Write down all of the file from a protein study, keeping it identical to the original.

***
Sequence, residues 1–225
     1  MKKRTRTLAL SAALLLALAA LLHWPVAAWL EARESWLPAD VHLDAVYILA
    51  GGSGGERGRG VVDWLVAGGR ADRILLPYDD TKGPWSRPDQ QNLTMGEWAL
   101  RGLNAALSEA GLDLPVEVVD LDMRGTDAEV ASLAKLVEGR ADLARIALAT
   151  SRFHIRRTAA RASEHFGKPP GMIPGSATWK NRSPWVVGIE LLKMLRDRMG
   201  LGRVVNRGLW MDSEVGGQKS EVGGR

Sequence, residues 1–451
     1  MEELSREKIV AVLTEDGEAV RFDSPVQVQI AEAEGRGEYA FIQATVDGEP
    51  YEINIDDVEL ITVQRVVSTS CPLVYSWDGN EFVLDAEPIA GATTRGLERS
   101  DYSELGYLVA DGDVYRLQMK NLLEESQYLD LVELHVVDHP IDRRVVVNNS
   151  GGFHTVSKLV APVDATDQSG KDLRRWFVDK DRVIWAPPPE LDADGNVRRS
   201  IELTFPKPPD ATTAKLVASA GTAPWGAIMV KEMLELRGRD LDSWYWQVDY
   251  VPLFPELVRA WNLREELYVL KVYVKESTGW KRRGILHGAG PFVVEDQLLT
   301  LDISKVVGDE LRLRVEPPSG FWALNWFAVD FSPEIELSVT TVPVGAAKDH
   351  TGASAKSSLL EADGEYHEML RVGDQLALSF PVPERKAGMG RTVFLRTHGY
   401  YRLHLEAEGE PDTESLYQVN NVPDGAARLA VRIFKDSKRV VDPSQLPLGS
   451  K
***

Sequence, residues 1–225
     1  MKKRTRTLAL SAALLLALAA LLHWPVAAWL EARESWLPAD VHLDAVYILA
    51  GGSGGERGRG VVDWLVAGGR ADRILLPYDD TKGPWSRPDQ QNLTMGEWAL
   101  RGLNAALSEA GLDLPVEVVD LDMRGTDAEV ASLAKLVEGR ADLARIALAT
   151  SRFHIRRTAA RASEHFGKPP GMIPGSATWK NRSPWVVGIE LLKMLRDRMG
   201  LGRVVNRGLW MDSEVGGQKS EVGGR

Sequence, residues 1–451
     1  MEELSREKIV AVLTEDGEAV RFDSPVQVQI AEAEGRGEYA FIQATVDGEP
    51  YEINIDDVEL ITVQRVVSTS CPLVYSWDGN EFVLDAEPIA GATTRGLERS
   101  DYSELGYLVA DGDVYRLQMK NLLEESQYLD LVELHVVDHP IDRRVVVNNS
   151  GGFHTVSKLV APVDATDQSG KDLRRWFVDK DRVIWAPPPE LDADGNVRRS
   201  IELTFPKPPD ATTAKLVASA GTAPWGAIMV KEMLELRGRD LDSWYWQVDY
   251  VPLFPELVRA WNLREELYVL KVYVKESTGW KRRGILHGAG PFVVEDQLLT
   301  LDISKVVGDE LRLRVEPPSG FWALNWFAVD FSPEIELSVT TVPVGAAKDH
   351  TGASAKSSLL EADGEYHEML RVGDQLALSF PVPERKAGMG RTVFLRTHGY
   401  YRLHLEAEGE PDTESLYQVN NVPDGAARLA VRIFKDSKRV VDPSQLPLGS
   451  K